Lawyers With A Cause - A Wake Up Call!

By: James W. Harris

The Perspective

February 8, 2002

It all started as a bitter feud between two lawmakers of the ruling National Patriotic Party (NPP) government. For weeks, both men, then House Majority leader, Abel Momolu Massaley and House Speaker, Nyundueh Monkornomana, traded insults as well as charges and counter-charges at each other. In the end, one of them, Speaker Monkornomana, was suspended by the House Plenary on allegations of corruption and perjury (lying).

He (Monkornomana) was now destined to face an investigating committee from the House to clear his name, and more importantly, defend numerous charges that he had forged his academic degree. Some people had stubbornly accused the Speaker of not graduating from the academically prestigious American university, the Columbia University in New York, as they said, he had claimed.

Entered Cllr. J. Emmanuel. Wureh, President of the Liberian National Bar Association (LNBA) in his capacity as Legal Counsel to Speaker Monkornomana. While representing his client before a House Committee that was investigating the accusations and charges against Mr. Monkornomana, Mr. Wureh was himself charged with insulting the lawmakers for allegedly making the following remarks: “These are the kind of men that are representing us.” And for this, he was immediately sent to jail in President Taylor’s dungeons for four whole months.

Coming quickly to the aid of their jailed President (as they should) for a rather simple matter, which they believed, should have been settled amicably in a more “civil” manner, the Bar, led by its then Vice President, Cllr. Marcus Jones, and Montserrado County Chapter President, Cllr. Ishmael Campbell, called for a boycott. They urged their members to boycott all courts in the country in protest against the Legislators’ hasty and wrongful action against their then President (Wureh). The lawyers’ action, of course, came only as the last resort after their pleas to the House to set their President free fell on absolutely deaf ears.

“The Bar and all local bars have resolved to boycott [all] courts today (September 26, 2001) until our President (J. Emmanuel Wureh) is released from further detention”, a statement that was issued by the Montserrado County Chapter said.

But this was just the beginning of what later turned out to be a very embarrassing situation for the Taylor government as all courts in the country remained closed for several days, thereby effectively paralyzing the entire legal system (if we can even call it that) in Liberia.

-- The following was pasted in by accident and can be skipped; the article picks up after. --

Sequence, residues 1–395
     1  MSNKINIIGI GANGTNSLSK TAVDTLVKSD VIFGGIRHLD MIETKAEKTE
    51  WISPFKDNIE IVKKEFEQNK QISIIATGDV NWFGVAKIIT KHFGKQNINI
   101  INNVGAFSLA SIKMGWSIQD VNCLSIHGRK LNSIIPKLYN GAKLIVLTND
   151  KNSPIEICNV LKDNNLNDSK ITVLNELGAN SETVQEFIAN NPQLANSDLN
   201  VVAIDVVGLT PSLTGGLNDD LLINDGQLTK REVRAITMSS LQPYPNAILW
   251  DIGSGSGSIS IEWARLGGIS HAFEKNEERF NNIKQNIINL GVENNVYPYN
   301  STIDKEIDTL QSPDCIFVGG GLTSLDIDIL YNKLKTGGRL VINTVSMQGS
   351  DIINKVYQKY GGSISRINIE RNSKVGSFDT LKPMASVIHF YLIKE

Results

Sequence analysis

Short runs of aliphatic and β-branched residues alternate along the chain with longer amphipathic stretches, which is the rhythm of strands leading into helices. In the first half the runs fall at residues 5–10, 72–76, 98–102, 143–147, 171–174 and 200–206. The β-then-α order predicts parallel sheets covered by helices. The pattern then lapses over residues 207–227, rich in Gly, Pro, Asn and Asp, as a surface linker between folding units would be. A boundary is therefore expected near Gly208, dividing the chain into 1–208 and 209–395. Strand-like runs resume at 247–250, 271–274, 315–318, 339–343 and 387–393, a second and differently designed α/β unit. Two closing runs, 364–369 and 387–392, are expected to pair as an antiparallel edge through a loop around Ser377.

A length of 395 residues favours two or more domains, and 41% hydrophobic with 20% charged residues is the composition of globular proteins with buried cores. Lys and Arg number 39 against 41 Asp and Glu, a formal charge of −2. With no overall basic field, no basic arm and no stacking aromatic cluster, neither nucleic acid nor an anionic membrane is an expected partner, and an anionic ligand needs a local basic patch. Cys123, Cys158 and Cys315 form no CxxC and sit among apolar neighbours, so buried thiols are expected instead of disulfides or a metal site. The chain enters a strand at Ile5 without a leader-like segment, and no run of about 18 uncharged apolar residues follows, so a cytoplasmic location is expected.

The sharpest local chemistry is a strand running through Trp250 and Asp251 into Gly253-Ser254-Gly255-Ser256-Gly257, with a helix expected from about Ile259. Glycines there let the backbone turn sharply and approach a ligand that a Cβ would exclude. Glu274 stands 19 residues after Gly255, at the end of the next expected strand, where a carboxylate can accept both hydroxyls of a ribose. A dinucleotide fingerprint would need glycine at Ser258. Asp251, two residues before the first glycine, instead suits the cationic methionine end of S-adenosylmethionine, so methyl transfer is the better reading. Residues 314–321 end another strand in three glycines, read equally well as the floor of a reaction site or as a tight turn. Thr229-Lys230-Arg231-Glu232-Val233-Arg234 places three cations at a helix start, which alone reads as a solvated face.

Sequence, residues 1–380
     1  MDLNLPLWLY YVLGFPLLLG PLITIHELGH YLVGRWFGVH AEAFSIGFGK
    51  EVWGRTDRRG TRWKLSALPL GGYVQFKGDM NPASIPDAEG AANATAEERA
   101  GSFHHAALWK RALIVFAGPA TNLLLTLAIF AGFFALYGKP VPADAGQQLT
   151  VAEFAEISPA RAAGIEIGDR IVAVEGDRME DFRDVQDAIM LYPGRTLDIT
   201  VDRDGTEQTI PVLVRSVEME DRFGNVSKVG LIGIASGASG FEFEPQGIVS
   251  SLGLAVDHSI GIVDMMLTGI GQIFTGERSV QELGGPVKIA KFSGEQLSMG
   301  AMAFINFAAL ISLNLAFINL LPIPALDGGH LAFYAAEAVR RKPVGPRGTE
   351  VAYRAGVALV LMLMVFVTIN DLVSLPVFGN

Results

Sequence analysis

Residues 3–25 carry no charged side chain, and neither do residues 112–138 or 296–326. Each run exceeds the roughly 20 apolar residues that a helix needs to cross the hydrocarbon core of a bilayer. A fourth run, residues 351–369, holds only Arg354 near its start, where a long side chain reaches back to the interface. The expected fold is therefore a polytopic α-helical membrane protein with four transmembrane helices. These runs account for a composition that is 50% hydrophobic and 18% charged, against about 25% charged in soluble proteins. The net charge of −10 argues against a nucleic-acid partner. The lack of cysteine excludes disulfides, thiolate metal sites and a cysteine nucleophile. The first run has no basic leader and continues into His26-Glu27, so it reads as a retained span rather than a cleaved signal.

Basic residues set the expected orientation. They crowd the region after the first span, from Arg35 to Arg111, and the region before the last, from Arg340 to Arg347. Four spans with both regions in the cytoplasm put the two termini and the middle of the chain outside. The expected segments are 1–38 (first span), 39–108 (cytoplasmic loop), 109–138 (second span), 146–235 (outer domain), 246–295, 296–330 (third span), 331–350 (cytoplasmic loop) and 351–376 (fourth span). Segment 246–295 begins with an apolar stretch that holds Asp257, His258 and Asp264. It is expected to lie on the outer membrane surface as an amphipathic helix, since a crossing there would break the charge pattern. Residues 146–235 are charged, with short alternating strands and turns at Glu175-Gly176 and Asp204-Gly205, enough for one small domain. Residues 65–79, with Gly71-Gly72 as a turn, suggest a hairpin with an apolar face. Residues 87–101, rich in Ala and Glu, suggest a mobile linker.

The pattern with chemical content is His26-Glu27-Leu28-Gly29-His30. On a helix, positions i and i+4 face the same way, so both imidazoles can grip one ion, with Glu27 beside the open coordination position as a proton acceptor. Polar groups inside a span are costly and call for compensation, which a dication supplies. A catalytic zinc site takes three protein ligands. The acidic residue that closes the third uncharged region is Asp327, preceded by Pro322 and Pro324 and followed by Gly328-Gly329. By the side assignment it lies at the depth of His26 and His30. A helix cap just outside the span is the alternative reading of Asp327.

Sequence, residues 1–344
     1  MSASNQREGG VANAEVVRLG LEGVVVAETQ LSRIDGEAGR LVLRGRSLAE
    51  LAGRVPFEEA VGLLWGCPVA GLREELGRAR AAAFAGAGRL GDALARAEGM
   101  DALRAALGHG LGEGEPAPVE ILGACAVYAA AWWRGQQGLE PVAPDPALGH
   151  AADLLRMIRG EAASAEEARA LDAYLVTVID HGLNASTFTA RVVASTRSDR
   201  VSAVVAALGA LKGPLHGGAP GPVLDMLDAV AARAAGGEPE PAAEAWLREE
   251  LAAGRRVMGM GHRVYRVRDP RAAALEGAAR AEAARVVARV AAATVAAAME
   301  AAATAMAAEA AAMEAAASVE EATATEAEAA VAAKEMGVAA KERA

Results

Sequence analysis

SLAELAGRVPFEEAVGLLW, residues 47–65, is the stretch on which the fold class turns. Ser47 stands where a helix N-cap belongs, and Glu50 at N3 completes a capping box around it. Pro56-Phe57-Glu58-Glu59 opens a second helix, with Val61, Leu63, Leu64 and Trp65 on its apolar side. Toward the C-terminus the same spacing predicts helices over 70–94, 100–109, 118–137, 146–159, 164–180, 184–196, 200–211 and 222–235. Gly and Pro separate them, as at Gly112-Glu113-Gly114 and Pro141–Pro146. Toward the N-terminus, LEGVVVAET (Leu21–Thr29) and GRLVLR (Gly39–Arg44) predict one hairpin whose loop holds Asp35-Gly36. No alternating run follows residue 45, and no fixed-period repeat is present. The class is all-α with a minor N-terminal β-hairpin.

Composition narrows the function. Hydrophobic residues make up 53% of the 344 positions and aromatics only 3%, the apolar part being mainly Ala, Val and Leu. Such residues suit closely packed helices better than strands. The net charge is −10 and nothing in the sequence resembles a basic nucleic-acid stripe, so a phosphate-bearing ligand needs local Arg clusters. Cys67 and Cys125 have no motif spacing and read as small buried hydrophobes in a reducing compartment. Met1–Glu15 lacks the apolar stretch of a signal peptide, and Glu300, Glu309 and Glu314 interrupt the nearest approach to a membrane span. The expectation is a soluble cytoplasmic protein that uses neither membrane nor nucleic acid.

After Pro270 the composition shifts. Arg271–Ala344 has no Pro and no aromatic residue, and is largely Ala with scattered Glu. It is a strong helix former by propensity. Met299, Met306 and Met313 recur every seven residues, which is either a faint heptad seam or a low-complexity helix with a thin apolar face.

And in its true nature of acting senselessly before even thinking through a particular problem such as this one (which was clearly a legal issue), the Taylor-led NPP government issued its own press release through it mouthpiece, the Ministry of Information, basically expressing disappointment for the Bar’s action (as in calling for the boycott).

The release said: “The Government of Liberia has expressed surprise and disappointment over the stance taken by the National Bar Association in issuing an ultimatum to the National Legislature over the detention of Counselor Emmanuel Wureh.”

Immediately falling in line with the Executive branch’s position on the shameful crisis, the House then summoned the two prominent LNBA officers, Cllrs. Jones and Campbell, to show cause why they shouldn’t be held in contempt for, what they (lawmakers) called, calling on the body to “unconditionally release” their (lawyers’) President (Wureh) from unjustified detention. Not surprisingly, it was now Cllrs. Jones’s and Campbell’s turn to meet the lawmakers face to face.

Following that meeting, they both (Jones and Campbell) were said to have flatly refused to cooperate with the Legislators in regard to their Bar’s earlier position on the issue. And for their refusal, they too were “unjustly” remanded into custody. It is also worth noting that more than two dozens of their colleagues accompanied them to meet the Legislators in what was later described as a very unfriendly and threatening atmosphere.

In an apparent twist of fate, the same House Speaker whose defense had prompted all of this commotion was himself reinstated after he had abruptly resigned earlier when the crisis first broke.